This slide introduced a new climate feature (new for me - despite being a physicist, my knowledge of atmpsopheric physics is woeful). And that is the Hadley Cell.A useful definition of this: a pattern of atmospheric circulation in which warm air rises near the equator, cools as it travels poleward at high altitude, sinks as cold air, and warms as it travels equatorward.... essentially it is a mechanism for the dispersal of heat energy. Air in the tropics gets hot, moves to cooler areas where it dissipates heat.

What I took from what Prof Frame said was that very high variability in tropical climate can be expected to have effects on adjacent areas - sub tropical and temperate areas such as Australia and New Zealand.

He used cyclone Debbie as an example of New Zealand's susceptibility to changes in tropical weather patterns. He argues that mitigation NOW (not just adaptation) will benefit the lives of people alive in the tropics NOW. (This is an important argument because much of the delay or lack of action around mitigation (reducing climate gas emissions) is based on the assumption it will take a very long time to have any effect on the global climate and conditions of life.)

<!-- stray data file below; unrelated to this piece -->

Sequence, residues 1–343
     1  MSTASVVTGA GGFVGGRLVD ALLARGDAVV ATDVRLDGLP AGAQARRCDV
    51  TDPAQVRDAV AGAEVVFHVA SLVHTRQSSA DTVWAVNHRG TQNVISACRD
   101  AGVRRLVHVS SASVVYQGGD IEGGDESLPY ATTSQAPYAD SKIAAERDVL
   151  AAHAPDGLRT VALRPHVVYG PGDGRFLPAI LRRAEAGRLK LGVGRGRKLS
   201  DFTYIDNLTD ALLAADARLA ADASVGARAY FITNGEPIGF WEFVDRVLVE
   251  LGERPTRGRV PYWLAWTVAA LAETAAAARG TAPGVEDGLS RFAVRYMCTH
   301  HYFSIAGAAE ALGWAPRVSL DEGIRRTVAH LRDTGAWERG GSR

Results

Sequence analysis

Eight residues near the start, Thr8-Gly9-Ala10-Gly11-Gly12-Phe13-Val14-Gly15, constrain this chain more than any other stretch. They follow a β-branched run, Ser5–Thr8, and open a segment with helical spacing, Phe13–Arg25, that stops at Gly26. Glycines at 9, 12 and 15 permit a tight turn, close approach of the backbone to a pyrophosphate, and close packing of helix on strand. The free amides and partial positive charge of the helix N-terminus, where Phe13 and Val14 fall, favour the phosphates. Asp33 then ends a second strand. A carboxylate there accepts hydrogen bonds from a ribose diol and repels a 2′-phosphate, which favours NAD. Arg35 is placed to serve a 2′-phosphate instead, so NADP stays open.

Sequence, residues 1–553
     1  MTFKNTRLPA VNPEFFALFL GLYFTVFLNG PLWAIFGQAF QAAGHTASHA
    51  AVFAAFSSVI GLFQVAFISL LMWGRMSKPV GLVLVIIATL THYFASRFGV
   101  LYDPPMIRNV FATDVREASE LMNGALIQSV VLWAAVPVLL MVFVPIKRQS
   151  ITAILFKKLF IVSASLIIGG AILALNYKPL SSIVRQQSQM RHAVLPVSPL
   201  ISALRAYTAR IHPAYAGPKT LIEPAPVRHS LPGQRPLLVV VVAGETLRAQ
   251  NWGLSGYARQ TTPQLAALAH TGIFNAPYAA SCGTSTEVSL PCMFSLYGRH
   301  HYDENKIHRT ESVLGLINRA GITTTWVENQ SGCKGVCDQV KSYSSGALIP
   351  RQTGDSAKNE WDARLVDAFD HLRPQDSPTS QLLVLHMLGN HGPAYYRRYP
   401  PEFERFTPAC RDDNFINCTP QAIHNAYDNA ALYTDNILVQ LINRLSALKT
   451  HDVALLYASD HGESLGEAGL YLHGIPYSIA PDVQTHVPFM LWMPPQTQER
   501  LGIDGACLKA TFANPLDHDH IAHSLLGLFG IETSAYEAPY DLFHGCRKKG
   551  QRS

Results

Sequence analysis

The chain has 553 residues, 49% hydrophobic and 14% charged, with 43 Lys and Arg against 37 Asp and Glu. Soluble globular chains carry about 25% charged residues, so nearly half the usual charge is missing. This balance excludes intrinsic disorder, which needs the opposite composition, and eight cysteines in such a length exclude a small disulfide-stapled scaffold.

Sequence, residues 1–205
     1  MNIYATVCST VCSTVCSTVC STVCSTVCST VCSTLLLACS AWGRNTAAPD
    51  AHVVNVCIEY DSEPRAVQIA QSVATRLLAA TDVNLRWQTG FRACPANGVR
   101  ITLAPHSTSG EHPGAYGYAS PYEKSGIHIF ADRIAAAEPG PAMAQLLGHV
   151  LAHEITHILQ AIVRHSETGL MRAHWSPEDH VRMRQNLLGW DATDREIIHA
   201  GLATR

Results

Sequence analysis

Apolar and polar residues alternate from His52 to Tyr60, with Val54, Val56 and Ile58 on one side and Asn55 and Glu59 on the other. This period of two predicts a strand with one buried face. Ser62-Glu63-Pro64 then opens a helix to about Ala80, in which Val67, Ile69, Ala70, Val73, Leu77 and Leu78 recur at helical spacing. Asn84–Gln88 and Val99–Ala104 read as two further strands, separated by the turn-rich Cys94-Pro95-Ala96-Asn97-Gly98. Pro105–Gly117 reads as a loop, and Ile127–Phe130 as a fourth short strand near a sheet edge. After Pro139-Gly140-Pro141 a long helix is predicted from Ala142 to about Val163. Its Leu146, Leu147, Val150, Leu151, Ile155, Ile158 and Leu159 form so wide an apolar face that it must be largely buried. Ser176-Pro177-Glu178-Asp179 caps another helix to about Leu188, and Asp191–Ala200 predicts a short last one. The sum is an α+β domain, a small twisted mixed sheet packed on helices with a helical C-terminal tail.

This is an interesting depiction of options that might be open to society (societies) in response to climate change issues. Some actions/pathways will lead to greater future risks, others to greater future resilience.

This was the nub of his policy argument. He uses the Netherlands as an example of a society where most members of the population - accepting that they mostly live below sea-level - will accept taxes or charges that go toward protecting them against coastal innundation from the sea. He compares that with New Zealand - where, with obvious exceptions such as South Dunedin - because most people feel/believe they live sufficiently above sea level that they won't accept any taxes or charges that would only benefit those that are at risk of sea level change.

However, if New Zealanders - a huge number of whom were affected by Debbie, made the connection between that storm damage and the country's climate changing gas emissions, they might be prepared to act together, make some economic changes in their lifestyles, and begin to reverse a pattern of cyclones arising from a sharply varying tropical climate.